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Fred Knubel, Director of Public Information
For Use Upon Receipt: Tuesday, May 14, 1996

Lipsyte Wins Columbia's Berger Award

Columnist Robert M. Lipsyte of The New York Times today was awarded the 1996 Mike Berger Award for his columns on life in New York City.

He received $1,000 in the 36th annual competition administered by the Columbia University Graduate School of Journalism. Dean Joan Konner presented the award at 10 A.M. ceremonies in the school.

Mr. Lipsyte's column, titled "Coping," appear Sundays in The Times' City Section and often tell stories of the personal daily frustrations with which New Yorkers struggle and come to terms. Examples of his work during 1995 include profiles of a doorman who had once had a better life, a woman caring for her incapacitated husband and teachers with goals in a Queens junior high school.

The award is named for the legendary Times reporter whose stories reflected his affection for the city and its people. It was created in 1960, a year after Mr. Berger's death, by Louis Schweitzer, a New York industrialist and admirer of his writing. Honoring "distinguished reporting in the Mike Berger tradition," it has been supported since 1971 by Mr. Schweitzer's widow, Lucille Lortel Schweitzer, a theatrical producer.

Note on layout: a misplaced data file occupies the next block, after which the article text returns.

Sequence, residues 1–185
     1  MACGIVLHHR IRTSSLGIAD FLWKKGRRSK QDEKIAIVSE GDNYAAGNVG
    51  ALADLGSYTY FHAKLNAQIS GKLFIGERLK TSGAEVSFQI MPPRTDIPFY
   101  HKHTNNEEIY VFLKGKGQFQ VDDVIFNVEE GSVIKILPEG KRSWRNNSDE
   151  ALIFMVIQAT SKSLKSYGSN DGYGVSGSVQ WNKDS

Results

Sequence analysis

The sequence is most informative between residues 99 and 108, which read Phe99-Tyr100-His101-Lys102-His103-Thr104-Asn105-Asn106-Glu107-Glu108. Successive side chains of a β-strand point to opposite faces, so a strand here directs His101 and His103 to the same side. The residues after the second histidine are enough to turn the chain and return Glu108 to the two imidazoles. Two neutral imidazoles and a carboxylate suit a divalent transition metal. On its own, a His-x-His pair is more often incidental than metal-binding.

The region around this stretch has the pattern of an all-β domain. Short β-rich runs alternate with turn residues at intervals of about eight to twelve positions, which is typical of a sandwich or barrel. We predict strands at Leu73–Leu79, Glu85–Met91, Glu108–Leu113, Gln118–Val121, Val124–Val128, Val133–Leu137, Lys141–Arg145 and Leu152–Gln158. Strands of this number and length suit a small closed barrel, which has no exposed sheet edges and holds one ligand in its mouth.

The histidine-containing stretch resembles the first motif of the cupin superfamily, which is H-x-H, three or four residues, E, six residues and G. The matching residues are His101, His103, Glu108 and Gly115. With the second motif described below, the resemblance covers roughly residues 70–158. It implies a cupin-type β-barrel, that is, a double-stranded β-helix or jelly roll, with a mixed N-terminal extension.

This is Mr. Lipsyte's second Berger award. He won the first in 1966 when he was a sportswriter for The Times, his first reporting job after graduating from Columbia College in 1957 and the Columbia Journalism School in 1959. He left the newspaper in 1971 and was a network television news correspondent for CBS and NBC for six years. He was host of the PBS public affairs program "The Eleventh Hour" before returning to The Times in 1991 to write a weekly sports column. The "Coping" column was added to his duties in 1993. He is the author of several non-fiction books and a novel, "The Brave" (1991, Harpercollins).